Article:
Hi President Obama,
I heard that you are coming to Chicago this week to deliver a “farewell” address. I can’t say that I’m not excited about that. You have given us so many truly iconic moments over the past ten years; I’m sure this one will be amazing. The only thing is that I can’t accept a “farewell” from you. I can’t imagine how much it must have taken out of you and your family to lead the most powerful nation on earth as its first Black president. But, I have to say, “we still need you.” There’s a lot of work left undone. Our nation is in need of healing, particularly the Black community.
My dad used to have an issue with goodbyes. He would tell us, “Don’t say ‘goodbye’…just ‘say see ya’ later’”. What he intended to teach us is that just because we were leaving for the day or moving to a new place or experiencing whatever changes life brings, that if we were committed to one another and a common purpose and value system, then we would always find new opportunities for connection and collective work. And he was right.
Foremost on my mind is the education of Black children in America. It has been that way since I was 19 years old and barely out of my “selective enrollment” high school in the West Loop. Most of the organizing work that I had done before that time was on school related issues, but I figured that was because I was actually in school at the time.
But, when I took up the charge of helping convince young people on the south side and in the south suburbs to register and vote for you in that ’04 Senate Primary, that’s when it began to hit home. It was in that campaign office in the mini-mall on 55th Street that I began to take notice of 21 and 22-year old volunteers struggling to read campaign materials. I still remember the overwhelming sense of discouragement that came over me the day I realized that my twelve-year-old play sister was better equipped to order the chicken wings for the meeting from the JJ’s a few doors down than some of the young adults who would regularly come to lend a hand to the campaign. Those young adults didn’t want to try to figure out how much to order and how much it would cost. The math was too hard. Walking the streets of Englewood, Roseland, Dolton and Chicago Heights, we would encounter so many people, barely older than I was then, who were barely literate and desperately uninformed about civics and government and how it impacted their daily lives.
We got a lot of young people to vote in that Senate Primary. And you won the nomination and ultimately the Senate seat. But, I understood from there that the cause of improving education for Black children was where I wanted to spend my professional energy and personal passion.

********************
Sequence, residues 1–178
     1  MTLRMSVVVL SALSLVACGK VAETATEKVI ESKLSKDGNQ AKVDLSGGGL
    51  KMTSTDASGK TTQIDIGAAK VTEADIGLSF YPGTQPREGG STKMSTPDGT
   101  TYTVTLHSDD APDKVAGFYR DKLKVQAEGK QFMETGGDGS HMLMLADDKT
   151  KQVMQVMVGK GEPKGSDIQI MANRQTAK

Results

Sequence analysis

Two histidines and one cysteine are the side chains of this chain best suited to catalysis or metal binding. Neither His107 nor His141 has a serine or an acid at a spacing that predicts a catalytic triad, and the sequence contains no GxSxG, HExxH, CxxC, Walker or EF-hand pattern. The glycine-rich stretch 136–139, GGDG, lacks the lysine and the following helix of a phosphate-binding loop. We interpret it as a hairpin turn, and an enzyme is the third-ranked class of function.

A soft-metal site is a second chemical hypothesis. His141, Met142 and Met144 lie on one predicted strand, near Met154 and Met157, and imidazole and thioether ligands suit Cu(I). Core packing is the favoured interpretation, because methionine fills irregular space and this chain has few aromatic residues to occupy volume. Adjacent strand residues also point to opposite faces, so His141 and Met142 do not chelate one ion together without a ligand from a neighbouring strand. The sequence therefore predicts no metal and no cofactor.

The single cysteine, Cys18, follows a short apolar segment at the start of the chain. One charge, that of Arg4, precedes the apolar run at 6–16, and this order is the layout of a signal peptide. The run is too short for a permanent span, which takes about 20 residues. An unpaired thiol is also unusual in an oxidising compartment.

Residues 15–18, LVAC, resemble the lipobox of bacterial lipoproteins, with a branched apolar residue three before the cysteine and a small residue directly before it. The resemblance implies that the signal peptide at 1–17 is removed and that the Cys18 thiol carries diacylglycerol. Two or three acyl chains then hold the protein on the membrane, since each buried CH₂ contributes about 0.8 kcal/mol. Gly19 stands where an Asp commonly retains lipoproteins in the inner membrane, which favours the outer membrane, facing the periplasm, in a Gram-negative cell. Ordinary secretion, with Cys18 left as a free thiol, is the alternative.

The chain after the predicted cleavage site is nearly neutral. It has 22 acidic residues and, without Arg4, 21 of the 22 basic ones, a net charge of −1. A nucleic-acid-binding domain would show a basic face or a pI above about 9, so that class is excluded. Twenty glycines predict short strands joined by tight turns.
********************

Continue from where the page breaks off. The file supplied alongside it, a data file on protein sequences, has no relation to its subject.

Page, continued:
I know that you care about Black children in this country. I know it from how I’ve seen you love your girls from little bitty ones to the young women they are today. I know it from how you would stop into our little meetings on 55th Street; have some chicken, make some jokes and encourage a young cadre of volunteers (many of whom weren’t even old enough to vote for you). I know it from how you pulled bright, innovative leaders into your Education Department and defended creative education reforms even when some of the most powerful members of the Democratic base didn’t totally agree.
Mr. President, you were an inspiration to me as a man and as a leader before anyone knew that you were going to become the President of the United States. That little group of youth and young adults on the south side probably wasn’t 100% focused on your policy agenda. But, we saw your passion. We could sense the force of your will and desire to make life better for people like us. We understood that you cared.
I believe you still care.
I believe that you care that 30% of Black students don’t graduate high school on time and only 40% of Black students who enter college finish their degree within six years.
I believe that you care that there is still a wide gap in proficiency and attainment in Math and Reading between Black students and their White counterparts.
I believe that you care that today’s Black child still starts school lagging significantly behind their peers from other cultural backgrounds in development skills such as receptive vocabulary, expressive vocabulary, matching, early counting, math, color knowledge, numbers, and shapes.
I know that the relationship is about to change. The first Black president will hand over the White House to…well…another person. But, I believe that there is a lot of power in being the first Black former President of the United States. I’m begging you to use that power to keep pushing for improvement in the Black community, especially on the key issue of education. And I’m still committed to organizing at the grassroots to help build a better tomorrow for our community.
So, when you come to Chicago to give your last major speech as president, let’s not say “goodbye,” just “see ya later.”
Chris worked as deputy campaign manager and field director for A+ Illinois where he developed a strong, statewide field operation including over 500 organizations and 50,000 individuals around the state working to bring adequacy and equity to Illinois’ school funding system and as the director of advocacy and outreach at New Schools for Chicago, a leader in school reform in Chicago.
Chris is a 2006 graduate of the Ministry Training Institute and holds a degree in civic and political engagement from Northeastern Illinois University.